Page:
Once arrested, Kappan denied any connection with the three men, CFI or PFI. However, it was clearly established that he knew his co-travelers from before. Besides, he had worked for Tejas, a newspaper and mouthpiece of the PFI, which closed in 2018. In fact, he was a member of a PFI committee on minority affairs and had actively participated in countrywide protests over Citizenship Amendment Act (CAA), Afzal Guru hanging, and the Bhima Koregaon case. At present, there are 12 writ petitions filed in various courts against the incarceration of the four men, charge-sheet, and the terror charge invoked under the UAPA. PFI has a legal cell that is orchestrating his defense in an extremely planned manner.
On balance, it does appear that the fall out of the dastardly event in Hathras called for some preventive measures on the part of the state to stop the protests from becoming viral and violent, but the question is, was the detention justified when the apprehension of breach of the peace was over i.e. once the case was closed by Mathura SDM court.
Despite his alleged association with the PFI, it was an overreaction on the part of the state to charge him with sedition and Sections of UAPA. Perhaps, Kappan’s anti-state stance in every article pertaining to the Muslims led the police to charge him for creating communal disharmony. Legally, this charge may not be sustainable in court. But slapping him with sedition and UAPA sections went too far.
The use of the Sedition Act despite the Supreme Court’s trenchant criticism of its misuse and defining the scope of the Act in a series of judgments is a worrisome factor. Introduced in 1870, its wording can encourage an overzealous police officer to use it for hyping up any case. Vociferous protest against the government, without inciting violence, cannot constitute sedition. There is no case in fact of continuing with this outdated law which has no place in a democracy. There is near unanimity amongst legal experts on the issue.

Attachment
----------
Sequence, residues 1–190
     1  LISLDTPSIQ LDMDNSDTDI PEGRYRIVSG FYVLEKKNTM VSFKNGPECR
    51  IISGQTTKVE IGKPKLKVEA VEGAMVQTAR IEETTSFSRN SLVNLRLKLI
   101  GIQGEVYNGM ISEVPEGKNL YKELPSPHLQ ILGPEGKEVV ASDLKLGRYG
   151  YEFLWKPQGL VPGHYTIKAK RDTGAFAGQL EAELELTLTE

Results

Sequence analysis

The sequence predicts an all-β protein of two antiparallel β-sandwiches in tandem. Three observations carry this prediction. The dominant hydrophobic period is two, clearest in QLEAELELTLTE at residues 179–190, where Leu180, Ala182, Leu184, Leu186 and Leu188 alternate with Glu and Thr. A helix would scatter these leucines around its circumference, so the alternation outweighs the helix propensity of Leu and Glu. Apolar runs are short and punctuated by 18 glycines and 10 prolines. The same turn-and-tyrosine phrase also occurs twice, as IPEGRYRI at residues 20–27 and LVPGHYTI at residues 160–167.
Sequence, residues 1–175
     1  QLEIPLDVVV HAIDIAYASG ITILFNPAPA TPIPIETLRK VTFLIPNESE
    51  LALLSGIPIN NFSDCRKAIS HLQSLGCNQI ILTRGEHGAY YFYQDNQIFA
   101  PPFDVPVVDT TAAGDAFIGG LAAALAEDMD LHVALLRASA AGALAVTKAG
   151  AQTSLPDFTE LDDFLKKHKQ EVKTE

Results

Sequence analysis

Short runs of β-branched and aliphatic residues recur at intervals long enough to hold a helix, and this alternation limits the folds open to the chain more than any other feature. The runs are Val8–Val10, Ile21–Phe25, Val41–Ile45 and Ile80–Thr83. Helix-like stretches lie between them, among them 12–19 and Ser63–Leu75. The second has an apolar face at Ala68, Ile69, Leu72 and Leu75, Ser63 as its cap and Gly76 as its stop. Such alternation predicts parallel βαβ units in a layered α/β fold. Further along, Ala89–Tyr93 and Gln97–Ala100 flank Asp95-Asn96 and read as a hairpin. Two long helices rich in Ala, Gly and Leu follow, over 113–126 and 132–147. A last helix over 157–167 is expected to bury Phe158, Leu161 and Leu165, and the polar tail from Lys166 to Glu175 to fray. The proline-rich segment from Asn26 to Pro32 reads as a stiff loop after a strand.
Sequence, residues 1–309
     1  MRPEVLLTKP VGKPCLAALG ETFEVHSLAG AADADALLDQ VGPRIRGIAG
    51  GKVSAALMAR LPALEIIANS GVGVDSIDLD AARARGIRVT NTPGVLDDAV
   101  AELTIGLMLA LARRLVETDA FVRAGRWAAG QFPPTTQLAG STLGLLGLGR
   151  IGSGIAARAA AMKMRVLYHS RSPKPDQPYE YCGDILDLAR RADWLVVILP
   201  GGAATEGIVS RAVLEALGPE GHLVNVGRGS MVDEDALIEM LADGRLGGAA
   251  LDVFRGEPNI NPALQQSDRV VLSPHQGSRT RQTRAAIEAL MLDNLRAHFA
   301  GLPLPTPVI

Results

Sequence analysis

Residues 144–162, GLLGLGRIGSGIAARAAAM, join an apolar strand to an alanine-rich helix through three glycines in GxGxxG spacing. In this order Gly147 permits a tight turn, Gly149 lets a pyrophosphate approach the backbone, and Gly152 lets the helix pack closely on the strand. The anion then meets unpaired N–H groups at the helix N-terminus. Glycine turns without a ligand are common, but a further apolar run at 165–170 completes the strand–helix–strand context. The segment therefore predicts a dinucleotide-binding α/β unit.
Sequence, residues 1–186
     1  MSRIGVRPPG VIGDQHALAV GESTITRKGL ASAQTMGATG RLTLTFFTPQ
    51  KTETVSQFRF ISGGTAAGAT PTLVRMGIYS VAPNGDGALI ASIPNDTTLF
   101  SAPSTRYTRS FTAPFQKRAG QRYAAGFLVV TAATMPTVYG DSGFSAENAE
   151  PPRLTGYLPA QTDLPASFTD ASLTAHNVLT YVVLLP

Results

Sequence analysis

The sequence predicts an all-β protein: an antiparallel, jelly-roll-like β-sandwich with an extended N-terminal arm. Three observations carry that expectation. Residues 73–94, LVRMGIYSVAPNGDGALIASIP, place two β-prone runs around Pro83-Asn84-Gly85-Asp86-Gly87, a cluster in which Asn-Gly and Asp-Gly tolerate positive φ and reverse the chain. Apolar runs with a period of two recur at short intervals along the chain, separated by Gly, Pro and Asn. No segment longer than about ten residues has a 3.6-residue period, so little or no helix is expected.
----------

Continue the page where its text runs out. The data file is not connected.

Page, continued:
The use of UAPA again is stretching one’s imagination too far. Association with PFI, which is not banned yet, does not invite UAPA. What is puzzling is that even prosecution sanction was missing for UAPA, which is a ground for filing some of the petitions by Kappan’s lawyers. Several supervisory officers who are supposed to overlook such cases were either oblivious or chose to ignore the fact.
Hathras incident is a heart-rending one. It jolted the minds of individuals across the country – a village in UP, deeply divided on caste lines and virtually mirroring our rural landscape; a horrendous crime inviting a shoddy response from an unprofessional local police and insensitive district administration; opposition rushing in to cash on the state’s failures and journalists swooping in hordes to make it their prime-time story.
A year later – the victim’s family wants to move out despite police protection and waiting for justice. The opposition has disappeared and so have most journalists.
Meanwhile, Siddique Kappan still awaits the outcome of the petitions against his incarceration and the charges arraigned against him.
Yashovardhan Azad is Chairman, DeepStrat, a New Delhi-based Think Tank and Strategic Consultancy. He is a former IPS officer and Central Information Commissioner. The views expressed in this opinion piece are those of the author.